- Pontiff held press conference on flight taking him from Turkey to Rome
- Said Syria is unable to make the chemical weapons used against citizens
- Added that the chemicals must have been supplied to nation by the West
- Nerve agent Sarin linked to several attacks during the three-year civil war
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Returning from a three-day trip to Turkey the pope said the Middle East state did not have the ability to manufacture the chemical weapons that were deployed against Syrian civilians last year, adding they must have been supplied them by its ‘accusers’.
Nerve agent Sarin, described by chemical weapons experts as one of the ‘deadliest agents known to man’, has been linked to several attacks during the three-year civil war in Syria.
Both British and the US governments threatened military action against President Bashir al-Assad after an attack in which almost 1,500 people were killed, including 426 children last year but ultimately were defeated by votes in Parliament and the US Congress.
Francis condemned arms trafficking as ‘terrible’ and lamented that it was currently one of the strongest fields of business.
He said that we are ‘living through a third world war’, being fought piecemeal all over the planet.
‘The causes of this are historical enmities, political problems, economic problems, all working to prop up this system that places money and not the human person at the centre. And behind this there are also commercial interests.’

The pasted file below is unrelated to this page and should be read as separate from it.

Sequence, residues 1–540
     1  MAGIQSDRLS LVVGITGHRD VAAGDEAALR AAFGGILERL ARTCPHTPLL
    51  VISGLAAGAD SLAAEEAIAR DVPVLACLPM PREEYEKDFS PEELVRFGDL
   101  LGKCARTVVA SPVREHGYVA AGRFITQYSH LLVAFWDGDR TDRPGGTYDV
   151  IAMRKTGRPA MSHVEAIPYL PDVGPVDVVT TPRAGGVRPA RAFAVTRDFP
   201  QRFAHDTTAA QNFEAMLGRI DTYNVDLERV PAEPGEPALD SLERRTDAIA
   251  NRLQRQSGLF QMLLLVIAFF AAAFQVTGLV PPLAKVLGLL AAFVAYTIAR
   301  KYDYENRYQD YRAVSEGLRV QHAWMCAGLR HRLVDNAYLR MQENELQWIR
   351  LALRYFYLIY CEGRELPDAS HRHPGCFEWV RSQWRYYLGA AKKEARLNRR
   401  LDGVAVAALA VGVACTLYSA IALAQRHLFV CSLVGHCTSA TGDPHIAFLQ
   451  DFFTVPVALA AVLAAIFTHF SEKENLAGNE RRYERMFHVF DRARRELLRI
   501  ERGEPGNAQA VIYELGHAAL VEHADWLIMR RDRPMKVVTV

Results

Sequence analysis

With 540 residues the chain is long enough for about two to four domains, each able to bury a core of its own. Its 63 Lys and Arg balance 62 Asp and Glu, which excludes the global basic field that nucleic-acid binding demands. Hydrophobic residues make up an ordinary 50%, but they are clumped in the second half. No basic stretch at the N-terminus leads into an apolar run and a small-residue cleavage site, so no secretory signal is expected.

Syria established its chemical program with Soviet military assistance as a deterrent to Israel.
Foreign Minister William Hague admitted as he left office that in the 1980s Britain sold Syria precursor chemicals that Damascus later used to manufacture sarin.
The Newsnight programme revealed this summer that the UK was the sole supplier of the three key ingredients used to produce sarin; dimethyl phosphate (DMP), trimethyl phosphate (TMP) and hexamine. regarded as the ‘building block’ of sarin.
The UK also supplied electrical fans to Syria as late as 2003, it said, components of which were used in Assad’s chemical weapon programme.
At the same time the Blair government were invading Iraq for allegedly stockpiling weapons of mass destruction.
But even as late as 2012, British firms were planning to honour contracts to export dual-use chemicals those with civilian or military applications.
Pope Francis firmly opposed Western intervention in Syria.